Academic research has studied and validated psychological safety at the level of the individual [1] or the team [2]. But what about culture? It is obvious that people from different cultures interact or communicate differently. How does psychological safety then connect with the culture of these individuals?

Culture at the level of a country has been extensively studied by several scholars and the most commonly used model is probably the one Geert Hofstede developed in the 70s [3]. It has by and large stood the test of time, with years of data from nearly every country on the planet and continues to be a valid model to explore how people from different cultures behave differently.

How do we bridge the gap between the small scale of a team with 7 or 9 members and the notion of culture of an entire country with millions of nationals? Edgar Schein helps us make the connection by introducing the concept of “micro-culture” to describe the dynamics within a team [4]:

“Culture (including a team’s micro-culture) is a pattern of shared basic assumptions learned by a group as it solved its problems of external adaptation and internal integration, which has worked well enough to be considered valid and, therefore, to be taught to new members as the correct way to perceive, think and feel in relation to those problems”.

Team Psychological Safety and the 7 elements that constitute it – reaction to mistakes, dealing with issues, accepting diversity, taking risks, asking for help, mutual support and appreciation (see the TEAM.AS.ONE Team Psychological Safety model) – provide the perfect structure along which to evaluate and strengthen a team’s micro-culture.

Maybe there is someone in the team from Germany, someone else from Malaysia, and yet another team member from Brazil. All these team members obviously have different cultural backgrounds, but also different educational or professional experiences, family upbringings, religious or spiritual beliefs and personal values.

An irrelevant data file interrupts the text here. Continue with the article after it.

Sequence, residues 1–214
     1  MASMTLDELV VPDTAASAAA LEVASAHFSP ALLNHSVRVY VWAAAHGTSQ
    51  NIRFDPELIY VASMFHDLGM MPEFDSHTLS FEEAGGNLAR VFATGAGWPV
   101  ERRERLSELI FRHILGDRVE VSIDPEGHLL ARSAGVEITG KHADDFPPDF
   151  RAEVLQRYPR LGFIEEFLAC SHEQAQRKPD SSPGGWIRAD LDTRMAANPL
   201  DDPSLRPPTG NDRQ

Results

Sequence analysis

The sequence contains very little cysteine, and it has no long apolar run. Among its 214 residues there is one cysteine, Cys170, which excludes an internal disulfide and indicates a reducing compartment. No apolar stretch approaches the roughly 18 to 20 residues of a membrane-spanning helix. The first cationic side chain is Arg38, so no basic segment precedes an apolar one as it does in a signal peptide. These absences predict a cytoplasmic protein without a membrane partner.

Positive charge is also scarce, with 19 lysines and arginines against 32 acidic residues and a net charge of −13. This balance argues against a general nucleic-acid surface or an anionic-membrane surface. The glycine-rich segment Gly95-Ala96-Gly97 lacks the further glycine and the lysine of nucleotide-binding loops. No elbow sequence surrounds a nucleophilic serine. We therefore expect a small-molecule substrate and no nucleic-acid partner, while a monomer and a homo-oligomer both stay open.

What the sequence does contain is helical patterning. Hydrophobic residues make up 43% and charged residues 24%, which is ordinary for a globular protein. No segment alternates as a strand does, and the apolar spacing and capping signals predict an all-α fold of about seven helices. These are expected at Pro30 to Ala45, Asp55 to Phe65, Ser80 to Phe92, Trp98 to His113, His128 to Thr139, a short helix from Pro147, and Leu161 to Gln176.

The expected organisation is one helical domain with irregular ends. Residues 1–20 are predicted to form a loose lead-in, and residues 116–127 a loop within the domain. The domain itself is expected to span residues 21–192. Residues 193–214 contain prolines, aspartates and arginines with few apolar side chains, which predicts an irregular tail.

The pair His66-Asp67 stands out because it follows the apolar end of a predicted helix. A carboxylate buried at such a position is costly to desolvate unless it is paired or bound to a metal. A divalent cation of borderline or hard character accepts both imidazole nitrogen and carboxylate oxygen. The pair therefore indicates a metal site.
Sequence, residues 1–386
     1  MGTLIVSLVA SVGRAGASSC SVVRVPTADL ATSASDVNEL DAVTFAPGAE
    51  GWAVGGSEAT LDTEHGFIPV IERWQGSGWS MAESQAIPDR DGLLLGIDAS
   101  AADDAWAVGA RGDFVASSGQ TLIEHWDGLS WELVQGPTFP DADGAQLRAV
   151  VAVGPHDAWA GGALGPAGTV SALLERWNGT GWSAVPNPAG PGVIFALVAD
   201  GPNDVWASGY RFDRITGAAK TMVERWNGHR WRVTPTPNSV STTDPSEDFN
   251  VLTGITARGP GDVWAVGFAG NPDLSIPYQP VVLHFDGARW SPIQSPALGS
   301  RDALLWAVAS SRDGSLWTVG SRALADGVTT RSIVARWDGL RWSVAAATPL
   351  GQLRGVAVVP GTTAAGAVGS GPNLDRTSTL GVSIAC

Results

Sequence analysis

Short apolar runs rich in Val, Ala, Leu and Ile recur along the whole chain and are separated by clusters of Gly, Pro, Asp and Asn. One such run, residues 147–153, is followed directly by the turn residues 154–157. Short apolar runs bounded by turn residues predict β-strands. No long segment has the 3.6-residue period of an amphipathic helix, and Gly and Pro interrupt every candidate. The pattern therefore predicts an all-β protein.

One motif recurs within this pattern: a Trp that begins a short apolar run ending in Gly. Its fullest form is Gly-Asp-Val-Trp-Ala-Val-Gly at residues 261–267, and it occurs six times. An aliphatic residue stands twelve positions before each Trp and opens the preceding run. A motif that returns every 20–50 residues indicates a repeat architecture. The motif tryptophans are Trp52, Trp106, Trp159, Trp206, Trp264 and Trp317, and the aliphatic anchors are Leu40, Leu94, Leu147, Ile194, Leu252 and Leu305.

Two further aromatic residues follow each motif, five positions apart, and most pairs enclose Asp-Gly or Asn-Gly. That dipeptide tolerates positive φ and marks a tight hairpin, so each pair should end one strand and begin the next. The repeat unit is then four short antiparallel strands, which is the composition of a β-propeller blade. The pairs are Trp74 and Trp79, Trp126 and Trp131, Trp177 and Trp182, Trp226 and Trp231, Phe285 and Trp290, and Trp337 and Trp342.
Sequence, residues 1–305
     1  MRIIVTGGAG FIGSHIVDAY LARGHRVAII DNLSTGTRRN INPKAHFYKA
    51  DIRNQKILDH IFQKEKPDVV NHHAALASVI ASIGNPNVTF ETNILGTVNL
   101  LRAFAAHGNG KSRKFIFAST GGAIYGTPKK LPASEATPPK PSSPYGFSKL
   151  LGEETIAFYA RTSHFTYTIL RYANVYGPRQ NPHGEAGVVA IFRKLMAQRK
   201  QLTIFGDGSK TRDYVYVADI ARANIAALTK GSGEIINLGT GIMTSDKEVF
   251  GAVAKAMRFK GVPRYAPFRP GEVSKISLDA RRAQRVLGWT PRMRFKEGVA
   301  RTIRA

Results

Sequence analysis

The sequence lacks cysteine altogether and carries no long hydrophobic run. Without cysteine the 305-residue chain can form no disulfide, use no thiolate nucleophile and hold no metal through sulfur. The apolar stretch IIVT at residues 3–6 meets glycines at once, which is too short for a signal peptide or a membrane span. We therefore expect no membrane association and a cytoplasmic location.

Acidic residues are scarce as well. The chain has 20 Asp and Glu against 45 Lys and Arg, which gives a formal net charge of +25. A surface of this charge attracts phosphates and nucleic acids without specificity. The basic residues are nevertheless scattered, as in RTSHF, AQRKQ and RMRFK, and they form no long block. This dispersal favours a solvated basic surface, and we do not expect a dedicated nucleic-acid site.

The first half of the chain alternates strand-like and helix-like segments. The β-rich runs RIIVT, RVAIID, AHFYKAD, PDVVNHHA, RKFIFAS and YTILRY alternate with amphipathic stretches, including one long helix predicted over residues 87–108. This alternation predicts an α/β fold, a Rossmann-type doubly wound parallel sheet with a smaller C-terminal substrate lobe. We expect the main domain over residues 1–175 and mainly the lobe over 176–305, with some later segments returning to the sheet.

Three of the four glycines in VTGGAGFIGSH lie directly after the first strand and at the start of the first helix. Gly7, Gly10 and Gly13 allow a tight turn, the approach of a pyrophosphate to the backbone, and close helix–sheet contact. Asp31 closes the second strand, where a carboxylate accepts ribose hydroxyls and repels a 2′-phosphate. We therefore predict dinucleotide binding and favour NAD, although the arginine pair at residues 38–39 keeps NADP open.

Each of these components contribute to how a member shows up and behaves with others. The Team Psychological Safety framework allows to operationalize how members interact with others when specific team-based routines occur. Maybe the person from Brazil sees appreciation differently from her colleague from Germany, and asking for help in a culture like Malaysia may be interpreted differently than in the USA. In the micro-culture that is the team, what counts is not abstract principles, but the concrete behaviors of each member in the team when they engage in interpersonal exchanges with others. It is more important to focus on how Marcus from Germany experiences and expresses appreciation, and how that is interpreted by Anna from Brazil, than drawing conclusions from the cultures of Germany or Brazil. “Asking for help” in a team’s micro-culture can be developed into a powerful team routine that is very different from how it would typically show up in the cultures of each of the team members.

The “internal integration” from Edgar Schein’s definition reflects exactly how a team deals with each of the 7 elements of team psychological safety. If mistakes are held against those who made them, or made fun of, or are used as a reason to stop discussion, the team’s micro-culture will evolve into one where team members hide their mistakes. If however the team has created a habit of sharing mistakes, using these to improve the processes and extract learning for future challenges, the team’s micro-culture develops into one where the mistakes become a driver to improve the team’s learning and performance.

The mantra “This is how things are done around here” resonates much better when it refers to the limited number of members in a team (6 or 8 or maybe 10) than when it supposedly reflects what happens amongst the 1000+ members of the organization. The Team Psychological Safety model allows to unwrap “this is how things are done around here” into the 7 concrete elements of team interactions. In some teams, certain of these elements are dealt with quite well because the team has shared experiences that lead to accepted and well-balanced norms around (for example) taking risks. But some other of the 7 elements could show up at the other end of the spectrum, either because the team has never had meaningful experiences related to these, or because those experiences were negative, and therefore never constructively “integrated” into the team’s micro-culture.

The Team Psychological Safety survey shows the team leader or facilitator how each of the 7 elements is perceived within the team. The team strengths can be celebrated, and the team challenges need to be addressed and appropriately “internally integrated” to strengthen the team’s micro-culture.

In summary, the Team Psychological Safety model and the certified facilitator program provide the framework, assessment and tools and techniques, to positively impact a team’s micro-culture, and set it up for enhanced team learning and improved team performance.

Peter Cauwelier, PhD

  1. Kahn, W.A., Psychological Conditions of Personal Engagement and Disengagement at Work. The Academy of Management Journal, 1990. 33(4): p. 692-724.
  2. Edmondson, A.C., Psychological safety and learning behavior in work teams. Administrative Science Quarterly, 1999. 44(2): p. 350-383.
  3. Hofstede, G., G.J. Hofstede, and M. Minkov, Cultures and Organizations Software of the Mind. Vol. 3. 2010, New York: Mc Graw-Hill.
  4. Schein, E.H., Organizational Culture and Leadership. 4th ed. 2010, California, USA: Jossey-Bass.